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I have recently started working with XML in table columns using TSQL, and found that it is horrendously slower than your average everyday 3rd-Normal-Form-associative-tables-Query-joining, from my tests conducted with 1.5 million rows, I mean it is 8 times slower than 3rd-Normal-Form-associative-tables-Query-joining. The upside is that with XML, if set up in an specific way, it prevents you from setting up extra associative tables (in my tests, my associative tables (join tables for many=many relationships got to 7.5 million rows in size, in comparison to my table with the XML which was 1.5 million rows in size storing the same information). Don't mind my ranting though, this was only tests on 2 sets of tables which I have performed.

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Its kind of hard to explain for me, as I am just a beginner-intermediate with SQL Server. What is the best practices for using Untyped XML in your columns, and how can you optimize the tables containing this XML to perform at optimal speeds, seeing as I must now deal with XPath and XQuery withing SQL Scripts now (which seems to be the cause of the severe speed slowdown according to execution plans)?

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I don't think you can directly compare XML documents stored in one column with normalized data stored in multiple columns (or tables): they're different approaches to storing the same data, and which one is better depends on how you work with the database. If performance is your main concern, you may be better off using the normalized table approach, even if it takes more development time to implement. And looking at table rowcount is not very useful in this context: 7.5m rows isn't much if the table is properly designed and indexed. –  Pondlife Mar 19 '13 at 20:19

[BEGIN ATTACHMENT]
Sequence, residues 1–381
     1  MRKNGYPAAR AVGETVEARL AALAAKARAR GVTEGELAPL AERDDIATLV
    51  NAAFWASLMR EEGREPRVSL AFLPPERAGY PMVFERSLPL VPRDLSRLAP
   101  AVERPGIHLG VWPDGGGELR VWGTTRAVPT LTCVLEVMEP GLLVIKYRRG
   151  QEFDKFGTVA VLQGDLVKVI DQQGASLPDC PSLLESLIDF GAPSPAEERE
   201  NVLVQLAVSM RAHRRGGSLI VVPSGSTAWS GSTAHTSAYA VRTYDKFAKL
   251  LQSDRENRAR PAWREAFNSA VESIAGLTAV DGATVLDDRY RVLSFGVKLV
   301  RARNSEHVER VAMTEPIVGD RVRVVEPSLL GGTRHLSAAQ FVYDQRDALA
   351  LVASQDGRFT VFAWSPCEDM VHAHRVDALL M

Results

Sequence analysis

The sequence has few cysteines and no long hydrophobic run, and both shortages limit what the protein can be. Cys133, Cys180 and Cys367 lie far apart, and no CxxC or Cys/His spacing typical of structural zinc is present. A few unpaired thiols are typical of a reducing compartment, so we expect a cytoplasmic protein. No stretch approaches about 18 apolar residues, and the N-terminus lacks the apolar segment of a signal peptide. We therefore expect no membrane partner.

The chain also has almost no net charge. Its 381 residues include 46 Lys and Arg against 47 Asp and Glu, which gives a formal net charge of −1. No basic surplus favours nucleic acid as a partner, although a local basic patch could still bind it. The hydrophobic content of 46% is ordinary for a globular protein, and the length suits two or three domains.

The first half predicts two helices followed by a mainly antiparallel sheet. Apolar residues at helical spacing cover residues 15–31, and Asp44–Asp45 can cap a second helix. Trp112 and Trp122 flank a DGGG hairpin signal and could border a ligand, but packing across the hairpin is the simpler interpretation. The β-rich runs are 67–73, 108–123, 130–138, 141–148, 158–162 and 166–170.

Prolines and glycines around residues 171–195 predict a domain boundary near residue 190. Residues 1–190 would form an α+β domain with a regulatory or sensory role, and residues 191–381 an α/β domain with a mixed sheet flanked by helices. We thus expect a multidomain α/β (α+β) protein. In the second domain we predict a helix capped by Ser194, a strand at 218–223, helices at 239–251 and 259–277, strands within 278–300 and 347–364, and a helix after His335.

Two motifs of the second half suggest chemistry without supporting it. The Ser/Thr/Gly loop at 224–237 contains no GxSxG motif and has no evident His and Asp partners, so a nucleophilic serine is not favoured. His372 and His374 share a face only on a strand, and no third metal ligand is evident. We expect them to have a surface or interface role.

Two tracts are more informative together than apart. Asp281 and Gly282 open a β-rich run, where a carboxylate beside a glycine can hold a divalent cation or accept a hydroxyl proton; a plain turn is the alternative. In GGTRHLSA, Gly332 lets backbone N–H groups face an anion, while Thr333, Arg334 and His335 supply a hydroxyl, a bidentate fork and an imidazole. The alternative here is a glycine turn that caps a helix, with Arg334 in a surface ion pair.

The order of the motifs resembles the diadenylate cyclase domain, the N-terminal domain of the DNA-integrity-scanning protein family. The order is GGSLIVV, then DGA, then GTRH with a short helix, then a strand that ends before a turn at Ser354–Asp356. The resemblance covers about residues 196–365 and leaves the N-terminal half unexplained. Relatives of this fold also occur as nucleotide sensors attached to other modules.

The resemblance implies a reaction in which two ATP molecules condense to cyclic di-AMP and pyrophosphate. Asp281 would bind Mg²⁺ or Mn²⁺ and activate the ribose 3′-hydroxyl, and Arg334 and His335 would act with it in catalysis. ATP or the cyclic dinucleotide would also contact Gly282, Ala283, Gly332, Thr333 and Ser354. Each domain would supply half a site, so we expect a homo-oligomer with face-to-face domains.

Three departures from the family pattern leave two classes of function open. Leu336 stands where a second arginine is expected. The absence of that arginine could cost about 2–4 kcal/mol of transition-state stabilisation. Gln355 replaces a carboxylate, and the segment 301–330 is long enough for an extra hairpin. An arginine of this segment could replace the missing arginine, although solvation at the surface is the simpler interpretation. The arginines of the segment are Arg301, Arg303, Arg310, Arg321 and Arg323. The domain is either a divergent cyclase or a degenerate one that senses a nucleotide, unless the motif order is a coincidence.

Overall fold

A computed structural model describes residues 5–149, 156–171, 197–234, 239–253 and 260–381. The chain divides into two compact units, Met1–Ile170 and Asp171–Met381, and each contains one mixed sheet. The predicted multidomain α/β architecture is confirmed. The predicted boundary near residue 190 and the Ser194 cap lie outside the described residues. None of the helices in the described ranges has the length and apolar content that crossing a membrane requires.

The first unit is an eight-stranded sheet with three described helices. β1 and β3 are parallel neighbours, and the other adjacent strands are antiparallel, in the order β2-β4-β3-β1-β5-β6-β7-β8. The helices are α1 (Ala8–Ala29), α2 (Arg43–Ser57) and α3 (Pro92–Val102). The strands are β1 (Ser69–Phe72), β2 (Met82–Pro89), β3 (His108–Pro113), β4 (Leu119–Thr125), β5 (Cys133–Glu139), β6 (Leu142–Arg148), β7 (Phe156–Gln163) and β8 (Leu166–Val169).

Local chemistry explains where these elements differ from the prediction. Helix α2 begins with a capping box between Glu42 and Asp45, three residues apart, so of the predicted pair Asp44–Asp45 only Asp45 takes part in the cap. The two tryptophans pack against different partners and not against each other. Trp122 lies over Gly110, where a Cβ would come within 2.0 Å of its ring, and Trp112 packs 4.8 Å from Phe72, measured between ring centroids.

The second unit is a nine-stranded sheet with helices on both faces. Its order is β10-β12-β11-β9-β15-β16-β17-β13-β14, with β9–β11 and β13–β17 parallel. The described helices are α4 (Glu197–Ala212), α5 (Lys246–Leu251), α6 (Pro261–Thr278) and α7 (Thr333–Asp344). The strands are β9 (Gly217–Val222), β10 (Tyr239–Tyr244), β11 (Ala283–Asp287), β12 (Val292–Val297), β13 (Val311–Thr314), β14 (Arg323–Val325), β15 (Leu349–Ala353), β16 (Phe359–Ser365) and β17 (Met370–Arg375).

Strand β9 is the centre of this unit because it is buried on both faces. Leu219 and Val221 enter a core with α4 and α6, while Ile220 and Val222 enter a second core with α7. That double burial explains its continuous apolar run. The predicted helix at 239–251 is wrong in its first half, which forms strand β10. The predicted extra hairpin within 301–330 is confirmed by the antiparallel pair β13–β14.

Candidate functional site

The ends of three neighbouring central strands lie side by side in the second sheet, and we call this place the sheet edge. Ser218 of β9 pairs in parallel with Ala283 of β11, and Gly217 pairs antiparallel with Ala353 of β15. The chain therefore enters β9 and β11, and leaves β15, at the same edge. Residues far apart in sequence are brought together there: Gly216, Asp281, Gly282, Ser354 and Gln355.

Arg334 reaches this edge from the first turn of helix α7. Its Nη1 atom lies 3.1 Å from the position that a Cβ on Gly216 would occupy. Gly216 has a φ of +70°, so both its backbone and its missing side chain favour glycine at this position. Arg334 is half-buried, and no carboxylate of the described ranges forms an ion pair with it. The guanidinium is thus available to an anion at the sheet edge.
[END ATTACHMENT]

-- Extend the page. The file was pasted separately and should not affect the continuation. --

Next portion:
You see, the normalized approach is hands-down faster than XML, but because of a slight oversight from my co-workers, they have planned to store data as comma seperated values in the columns, requiring client side splitting to use this information. We concluded that the development time is becoming critical for this operation since this table had been redesigned a whopping 14 times now. Speed is not a super critical issue here (our servers are omnipotent in strength), but every little performance we can squeeze out of this query will deliver a better client-side experience to the user. Thanks –  Noobgrammer Mar 20 '13 at 11:00
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1 Answer

up vote 2 down vote accepted

There are several things you can do to improve the performance of xml fields

  • Add a primary XML index
  • Add Secondary index
  • Use an XML Schema
  • Create a calculated field that extracts out data from the XML

XML fields tend to be slightly less IO intensive but much more CPU intensive. Check if that is an issue

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I have checked out some of your approaches today and also found things like declaring a single root node (telling TSQL that the root node is a singleton) and I only saw small changes (like 0.8 second speedups from queries on AVERAGE) by implementing some of your plans. In the end, it doesn't really matter too much. the expected size of this table will anyway be just 200000 rows and not 1.5 million, so its no live-or-die issue. Thanks again. –  Noobgrammer Mar 20 '13 at 10:56
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